The highlight of this weekend so far was definitely watching the launch of NASA’s Lunar Atmosphere and Dust Environment Explorer (LADEE). Here’s what it looked like over the U.S. Capitol Friday night as it was headed to the moon.
It’s not on our floor, but it’s right above the entrance we use every day.
I don’t know if everyone else noticed over the past week, but it was a pretty great week for new music releases. Not only did the new Pixies track “Bagboy” and its video hit.
Meanwhile, Nine Inch Nails’ new David Lynch-directed video for “Came Back Haunted” appeared as well.
I’ve been hanging on to a few of these observations for a while, but my better half has been urging me to put a post up about the things I noticed during our May trip to South Korea. The Seoul subway system, crowd behavior and public habits in general really blew me away. Korea is a beautiful place, filled with some of the nicest people I’ve ever met, as well as some of the liveliest personalities and wonderful Internet speeds.
That said, here are five things from the surface that left lasting impressions on me. Feel free to let me know if I’m right or wrong about any of these points:
1. The phablet reigns
When I opted to go with the iPhone 5 versus a Samsung Galaxy III the last time I was due for an upgrade. One of the big reasons I stuck with the iPhone was the one-handed manageability. Well, in Seoul this same concern was obviously not a big deal for a huge a population of Galaxy Note and other two-handed smartphone users who prefer more screen real estate and foldable covers to the puny, paper-thin 5′s.
2. So do comics on phablets (and wimpier phones)
I couldn’t help being a little envious of all the digital comics readers on the subway. For everyone playing puzzle games or reading ebooks on their smartphones and tablets, there seemed to be someone else nearby flipping through comics—most likely from Naver, I gathered.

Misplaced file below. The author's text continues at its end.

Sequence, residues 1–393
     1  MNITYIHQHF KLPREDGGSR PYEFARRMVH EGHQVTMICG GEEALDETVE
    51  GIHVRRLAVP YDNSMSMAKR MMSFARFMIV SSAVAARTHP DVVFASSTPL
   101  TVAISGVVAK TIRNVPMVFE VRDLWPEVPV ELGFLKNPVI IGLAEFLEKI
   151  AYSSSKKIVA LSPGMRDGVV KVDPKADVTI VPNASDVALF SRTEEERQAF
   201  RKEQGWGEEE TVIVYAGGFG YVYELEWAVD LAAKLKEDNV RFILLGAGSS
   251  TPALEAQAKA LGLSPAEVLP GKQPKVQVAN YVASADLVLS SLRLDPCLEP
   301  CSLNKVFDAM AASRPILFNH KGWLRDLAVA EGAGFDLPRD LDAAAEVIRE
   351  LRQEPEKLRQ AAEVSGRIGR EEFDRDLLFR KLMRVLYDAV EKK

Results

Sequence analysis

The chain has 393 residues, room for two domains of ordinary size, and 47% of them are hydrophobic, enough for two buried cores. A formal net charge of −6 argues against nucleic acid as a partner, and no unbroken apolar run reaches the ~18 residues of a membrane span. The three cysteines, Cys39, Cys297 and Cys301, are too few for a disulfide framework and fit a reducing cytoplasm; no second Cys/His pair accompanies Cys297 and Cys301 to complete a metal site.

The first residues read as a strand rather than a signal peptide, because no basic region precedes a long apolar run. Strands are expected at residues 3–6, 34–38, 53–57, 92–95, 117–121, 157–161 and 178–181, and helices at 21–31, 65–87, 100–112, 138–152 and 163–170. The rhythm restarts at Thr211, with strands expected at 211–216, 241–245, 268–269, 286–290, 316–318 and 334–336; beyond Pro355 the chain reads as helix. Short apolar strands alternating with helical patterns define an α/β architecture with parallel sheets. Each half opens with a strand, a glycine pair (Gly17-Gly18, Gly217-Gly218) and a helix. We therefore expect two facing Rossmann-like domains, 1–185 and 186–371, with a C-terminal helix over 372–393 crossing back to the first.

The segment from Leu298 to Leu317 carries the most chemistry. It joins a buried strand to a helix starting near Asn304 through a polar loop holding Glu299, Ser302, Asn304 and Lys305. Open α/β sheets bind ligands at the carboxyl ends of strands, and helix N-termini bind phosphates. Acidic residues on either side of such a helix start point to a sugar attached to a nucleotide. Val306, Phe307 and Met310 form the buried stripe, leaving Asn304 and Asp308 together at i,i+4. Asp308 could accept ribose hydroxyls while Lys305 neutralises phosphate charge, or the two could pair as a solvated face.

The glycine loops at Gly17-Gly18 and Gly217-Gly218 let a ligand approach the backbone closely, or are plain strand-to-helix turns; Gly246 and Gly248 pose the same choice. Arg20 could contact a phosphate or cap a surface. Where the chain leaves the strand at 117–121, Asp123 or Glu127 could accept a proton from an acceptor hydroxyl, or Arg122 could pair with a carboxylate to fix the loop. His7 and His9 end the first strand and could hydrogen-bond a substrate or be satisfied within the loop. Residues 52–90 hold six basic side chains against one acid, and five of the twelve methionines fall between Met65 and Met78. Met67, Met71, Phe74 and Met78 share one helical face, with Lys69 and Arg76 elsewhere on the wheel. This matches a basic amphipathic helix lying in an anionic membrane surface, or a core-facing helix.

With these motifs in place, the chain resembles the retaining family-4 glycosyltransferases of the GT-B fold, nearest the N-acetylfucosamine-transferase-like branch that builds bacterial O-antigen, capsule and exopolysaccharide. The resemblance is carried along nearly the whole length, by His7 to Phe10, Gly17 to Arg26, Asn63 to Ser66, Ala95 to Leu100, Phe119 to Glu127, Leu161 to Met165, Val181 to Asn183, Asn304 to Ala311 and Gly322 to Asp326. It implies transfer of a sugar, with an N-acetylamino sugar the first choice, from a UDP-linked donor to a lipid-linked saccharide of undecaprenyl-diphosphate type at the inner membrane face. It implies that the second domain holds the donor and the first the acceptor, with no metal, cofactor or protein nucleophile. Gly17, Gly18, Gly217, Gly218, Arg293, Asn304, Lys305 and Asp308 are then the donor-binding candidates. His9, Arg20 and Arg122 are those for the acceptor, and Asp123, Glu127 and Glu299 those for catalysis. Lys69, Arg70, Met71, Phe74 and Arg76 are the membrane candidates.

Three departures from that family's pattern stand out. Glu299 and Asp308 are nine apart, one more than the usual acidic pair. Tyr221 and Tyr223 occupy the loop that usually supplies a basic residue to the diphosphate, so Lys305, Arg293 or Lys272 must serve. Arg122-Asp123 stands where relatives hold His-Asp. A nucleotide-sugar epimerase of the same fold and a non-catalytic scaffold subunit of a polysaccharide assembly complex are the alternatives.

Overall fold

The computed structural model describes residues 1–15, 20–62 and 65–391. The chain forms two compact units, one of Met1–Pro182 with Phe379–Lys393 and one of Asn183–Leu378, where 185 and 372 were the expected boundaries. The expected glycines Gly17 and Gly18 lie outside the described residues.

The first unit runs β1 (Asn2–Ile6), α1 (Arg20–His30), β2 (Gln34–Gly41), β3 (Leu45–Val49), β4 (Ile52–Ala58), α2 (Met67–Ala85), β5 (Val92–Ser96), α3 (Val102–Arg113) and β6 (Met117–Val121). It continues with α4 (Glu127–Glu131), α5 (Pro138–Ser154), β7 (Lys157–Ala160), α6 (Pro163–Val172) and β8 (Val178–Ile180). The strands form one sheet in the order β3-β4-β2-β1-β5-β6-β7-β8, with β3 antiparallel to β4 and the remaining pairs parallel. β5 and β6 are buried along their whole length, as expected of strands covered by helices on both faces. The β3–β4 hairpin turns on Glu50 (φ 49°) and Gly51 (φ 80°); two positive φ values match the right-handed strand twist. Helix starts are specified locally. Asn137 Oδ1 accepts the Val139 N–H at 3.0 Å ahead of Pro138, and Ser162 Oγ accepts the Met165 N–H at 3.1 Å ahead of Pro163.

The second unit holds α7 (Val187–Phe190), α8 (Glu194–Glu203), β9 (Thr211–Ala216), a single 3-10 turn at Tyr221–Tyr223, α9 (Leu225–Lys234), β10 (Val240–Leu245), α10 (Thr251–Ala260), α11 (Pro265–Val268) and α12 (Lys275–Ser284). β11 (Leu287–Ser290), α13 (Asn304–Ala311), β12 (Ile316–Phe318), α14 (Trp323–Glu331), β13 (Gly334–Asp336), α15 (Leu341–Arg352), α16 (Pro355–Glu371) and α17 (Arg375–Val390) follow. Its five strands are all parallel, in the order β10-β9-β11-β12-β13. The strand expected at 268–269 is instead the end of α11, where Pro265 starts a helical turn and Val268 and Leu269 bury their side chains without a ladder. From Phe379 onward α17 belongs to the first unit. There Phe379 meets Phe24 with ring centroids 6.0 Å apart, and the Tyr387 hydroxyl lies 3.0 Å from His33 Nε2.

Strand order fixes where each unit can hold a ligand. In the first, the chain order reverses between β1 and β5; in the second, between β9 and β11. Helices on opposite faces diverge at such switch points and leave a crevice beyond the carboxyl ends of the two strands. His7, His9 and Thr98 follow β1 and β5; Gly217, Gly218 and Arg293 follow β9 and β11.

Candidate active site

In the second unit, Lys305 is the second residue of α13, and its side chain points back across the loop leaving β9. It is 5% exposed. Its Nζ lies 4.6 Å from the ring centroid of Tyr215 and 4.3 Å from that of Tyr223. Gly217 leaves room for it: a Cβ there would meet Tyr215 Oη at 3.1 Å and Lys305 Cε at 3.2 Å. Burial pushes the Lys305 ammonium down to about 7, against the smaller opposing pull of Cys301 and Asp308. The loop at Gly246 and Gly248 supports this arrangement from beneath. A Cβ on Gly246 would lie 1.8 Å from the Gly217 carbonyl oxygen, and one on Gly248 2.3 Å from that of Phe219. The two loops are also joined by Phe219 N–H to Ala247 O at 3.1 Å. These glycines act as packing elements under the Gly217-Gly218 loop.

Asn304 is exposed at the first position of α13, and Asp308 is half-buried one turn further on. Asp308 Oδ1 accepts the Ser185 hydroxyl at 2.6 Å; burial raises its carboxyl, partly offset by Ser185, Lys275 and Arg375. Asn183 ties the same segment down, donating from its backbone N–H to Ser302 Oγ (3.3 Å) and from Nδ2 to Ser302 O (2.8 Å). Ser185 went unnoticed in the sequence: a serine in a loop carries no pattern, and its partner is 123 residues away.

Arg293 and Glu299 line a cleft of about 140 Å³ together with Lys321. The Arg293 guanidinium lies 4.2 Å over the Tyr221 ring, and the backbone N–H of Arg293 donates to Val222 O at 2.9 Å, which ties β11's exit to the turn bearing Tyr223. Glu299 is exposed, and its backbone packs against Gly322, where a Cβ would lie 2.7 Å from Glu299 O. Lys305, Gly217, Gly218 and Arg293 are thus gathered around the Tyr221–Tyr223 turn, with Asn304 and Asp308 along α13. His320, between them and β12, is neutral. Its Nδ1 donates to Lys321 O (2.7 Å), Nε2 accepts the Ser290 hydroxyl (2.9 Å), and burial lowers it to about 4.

3. Ajumma fashion
Ajumma culture in general thoroughly fascinated me. If there’s one thing you should be prepared for in the Seoul subway system, it’s that if you are mildy confused about where you’re going and a pack of 2-5 older Korean women are walking toward you at full speed, you need to step out of the way immediately. From the streets to hiking trails, ajumma fashion can consist of gigantic visors and complete face wraps to near Pauly D-level blowouts with bling-enhanced sunglasses and shiny (vinyl?) jackets. Whatever they’re wearing, these women command respect and will have it given to them.
4. Grills are way more awesome
I can’t get over how much cooler this grill we used on Geojedo was than the standard, skeletal things I’m used to back in the States. With a little wood, these things turn into absolute fire cannons.
5. Socks in Seoul are amazing
Well, these socks were, anyway.
I’ve made a pretty concerted effort to track down theatre options since moving to D.C. from Chicago about a year ago. We caught the “Ethereal Encounters” shorts at the Source Festival, Laura Marks’ “Bethany” at City Center in Manhattan and two shows from the current season at Woolly Mammoth downtown. The morning I rode the bus out to O’Hare to pick up my rental van to come here, I actually had the pleasure of sitting next to one of my favorite cast members from Chicago’s Neo-Futurists. We swapped some perspectives on Chicago vs. D.C. topics, and she recommended putting Woolly on my list after I got settled.
Admittedly, I waited most of the year before finally getting tickets, but “The Elaborate Entrance of Chad Deity” was about everything a theatre junkie with a ingrained fondess for professional wrestling tropes could ask for. The play introduced a season of shows that frame cultural perspectives in situations of conflict with larger power structures, and on Saturday afternoon we sat down for another installment in the series—Danai Gurira’s “The Convert.”
Gurira, of course, is already, an accomplished playwright, but as a Robert Kirkman reader and “Walking Dead” watcher, I knew her work best from her role as Michonne on AMC.
Director Michael John Garces did a tremendous job staging this show on Misha Kachman’s set. Crosses appear all over and within one another in the shapes, and the protruding plank into the audience provides some well-constructed depth and emotional weight to the play’s key moments.